“When people come to Hey! Nielsen, they are looking to participate in research,” says Jennifer Geissel, the site’s executive manager. “They are giving their opinions to be used by studios. The blogosphere has already picked up on that, and bloggers are calling this a fun place to give feedback on entertainment.”
More importantly, Nielsen wants the site to provide the company and its clients with a way to quantify engagement—assigning a score or an index to shows, stars or songs, for example—and then incorporate that information into its ratings reports. The Nielsen Co. has plenty of resources to draw from: Nielsen Media Research already slices TV ratings in a multitude of ways (see chart), SoundScan measures music, and Nielsen EDI counts box-office receipts.
“We designed this because our clients have a need for this,” says Karen Watson, senior vice president of communications at The Nielsen Co. and the site’s executive sponsor. “As they try to figure out where to place their bets between all these different emerging media—Internet, DVR, mobile, iPod—they are trying to figure out where they should put their resources. We hope this is a way to give it to them.”
Right now, Nielsen is running other experiments besides just Hey! Nielsen, all intended to crack the code of engagement. In one example, a panel of 45 industry leaders is running an “engagement pilot.” The pilot monitors 1,000 Nielsen homes equipped with people meters, calling them every night and asking them quantifiable questions such as “How many episodes of this show have you watched?” and “Did you watch the entire program?” and then seeing what they recall about what they’ve watched.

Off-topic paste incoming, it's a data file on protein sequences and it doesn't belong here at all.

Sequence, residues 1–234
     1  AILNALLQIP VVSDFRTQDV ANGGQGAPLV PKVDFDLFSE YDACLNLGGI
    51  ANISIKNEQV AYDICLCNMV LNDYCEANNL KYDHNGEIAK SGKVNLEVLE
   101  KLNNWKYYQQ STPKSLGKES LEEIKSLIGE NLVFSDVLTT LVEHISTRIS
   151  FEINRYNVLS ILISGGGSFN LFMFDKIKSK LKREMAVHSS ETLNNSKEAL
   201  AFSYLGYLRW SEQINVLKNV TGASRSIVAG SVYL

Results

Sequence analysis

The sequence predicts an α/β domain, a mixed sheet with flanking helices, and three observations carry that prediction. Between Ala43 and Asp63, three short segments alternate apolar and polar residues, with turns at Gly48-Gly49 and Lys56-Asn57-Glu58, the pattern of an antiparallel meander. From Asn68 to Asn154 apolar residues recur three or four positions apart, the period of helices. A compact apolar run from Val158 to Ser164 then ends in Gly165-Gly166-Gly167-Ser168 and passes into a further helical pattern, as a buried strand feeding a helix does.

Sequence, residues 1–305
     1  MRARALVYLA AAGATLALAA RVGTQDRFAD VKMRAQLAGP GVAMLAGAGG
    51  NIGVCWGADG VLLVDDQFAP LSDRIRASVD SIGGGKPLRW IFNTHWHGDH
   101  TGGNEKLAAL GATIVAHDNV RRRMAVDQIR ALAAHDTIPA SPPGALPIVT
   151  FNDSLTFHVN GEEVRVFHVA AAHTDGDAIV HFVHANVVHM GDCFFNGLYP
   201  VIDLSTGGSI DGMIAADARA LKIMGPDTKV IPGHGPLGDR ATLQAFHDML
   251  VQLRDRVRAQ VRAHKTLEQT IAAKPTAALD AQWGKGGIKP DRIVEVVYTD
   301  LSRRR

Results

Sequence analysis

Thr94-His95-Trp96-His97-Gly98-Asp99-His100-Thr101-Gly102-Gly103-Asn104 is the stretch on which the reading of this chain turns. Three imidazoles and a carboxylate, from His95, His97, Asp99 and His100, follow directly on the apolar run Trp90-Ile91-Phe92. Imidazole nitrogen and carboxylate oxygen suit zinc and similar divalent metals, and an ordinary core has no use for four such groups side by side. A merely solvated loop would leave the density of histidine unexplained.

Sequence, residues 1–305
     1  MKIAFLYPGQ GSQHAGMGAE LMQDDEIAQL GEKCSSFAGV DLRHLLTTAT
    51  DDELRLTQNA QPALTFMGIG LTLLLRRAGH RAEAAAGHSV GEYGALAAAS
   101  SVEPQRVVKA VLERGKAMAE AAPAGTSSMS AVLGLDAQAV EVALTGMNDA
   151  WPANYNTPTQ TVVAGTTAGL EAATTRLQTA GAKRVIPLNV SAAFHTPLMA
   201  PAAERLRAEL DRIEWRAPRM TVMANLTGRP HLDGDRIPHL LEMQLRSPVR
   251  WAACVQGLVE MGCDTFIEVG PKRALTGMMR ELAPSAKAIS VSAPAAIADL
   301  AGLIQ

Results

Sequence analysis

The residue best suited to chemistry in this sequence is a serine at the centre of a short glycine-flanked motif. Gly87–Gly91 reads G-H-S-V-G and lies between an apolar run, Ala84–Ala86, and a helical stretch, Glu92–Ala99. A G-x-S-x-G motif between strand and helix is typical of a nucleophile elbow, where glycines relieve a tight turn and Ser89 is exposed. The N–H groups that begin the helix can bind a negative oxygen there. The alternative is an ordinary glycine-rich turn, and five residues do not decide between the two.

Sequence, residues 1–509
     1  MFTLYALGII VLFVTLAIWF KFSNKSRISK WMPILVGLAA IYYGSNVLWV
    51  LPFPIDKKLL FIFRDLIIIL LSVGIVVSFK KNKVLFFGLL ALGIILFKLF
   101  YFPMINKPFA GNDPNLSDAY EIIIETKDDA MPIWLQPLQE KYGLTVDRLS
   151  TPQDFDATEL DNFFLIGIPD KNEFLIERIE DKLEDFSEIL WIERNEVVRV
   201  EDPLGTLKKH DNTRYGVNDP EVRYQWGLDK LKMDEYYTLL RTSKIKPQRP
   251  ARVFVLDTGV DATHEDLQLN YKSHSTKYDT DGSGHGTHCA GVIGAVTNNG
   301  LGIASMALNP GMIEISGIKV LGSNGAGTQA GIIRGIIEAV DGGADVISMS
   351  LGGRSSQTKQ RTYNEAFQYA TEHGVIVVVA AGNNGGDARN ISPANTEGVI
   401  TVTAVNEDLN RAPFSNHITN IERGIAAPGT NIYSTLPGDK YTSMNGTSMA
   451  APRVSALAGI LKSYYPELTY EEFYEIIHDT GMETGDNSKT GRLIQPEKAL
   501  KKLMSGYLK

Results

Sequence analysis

“The question is whether these intrinsic viewing variables are better than a host of more qualitative questions, such as, 'Is this one of your favorite programs?’ If they are, then engagement becomes an easier variable to plan and buy on,” says Paul Donato, executive vice president and chief research officer of The Nielsen Co.
That’s important because up to this point, research companies have relied largely on what people report about their viewing behavior without being able to confirm what they actually do.
“If you believed everything people told you about what they watched or what they did, then last week nobody watched O.J. get arrested and nobody accessed porn on the Internet and PBS would be the number-one network,” says Jack Wakschlag, chief research officer of Turner Broadcasting Co. “But we do need metrics to help us figure out our value to advertisers. That’s really the vexing challenge: How do we combine television with broadband? Until it’s all measured, we’re just testing it. Once it’s enough of an industry to support serious measurement, then the multiplatform business will fall into place.”